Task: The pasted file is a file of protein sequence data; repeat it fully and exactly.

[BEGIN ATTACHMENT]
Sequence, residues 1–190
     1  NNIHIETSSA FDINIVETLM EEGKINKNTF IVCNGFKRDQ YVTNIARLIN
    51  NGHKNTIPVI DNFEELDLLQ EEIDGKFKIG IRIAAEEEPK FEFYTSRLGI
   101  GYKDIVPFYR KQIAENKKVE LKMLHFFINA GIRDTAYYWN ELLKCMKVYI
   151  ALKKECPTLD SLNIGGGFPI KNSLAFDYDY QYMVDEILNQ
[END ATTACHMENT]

Sequence, residues 1–190
     1  NNIHIETSSA FDINIVETLM EEGKINKNTF IVCNGFKRDQ YVTNIARLIN
    51  NGHKNTIPVI DNFEELDLLQ EEIDGKFKIG IRIAAEEEPK FEFYTSRLGI
   101  GYKDIVPFYR KQIAENKKVE LKMLHFFINA GIRDTAYYWN ELLKCMKVYI
   151  ALKKECPTLD SLNIGGGFPI KNSLAFDYDY QYMVDEILNQ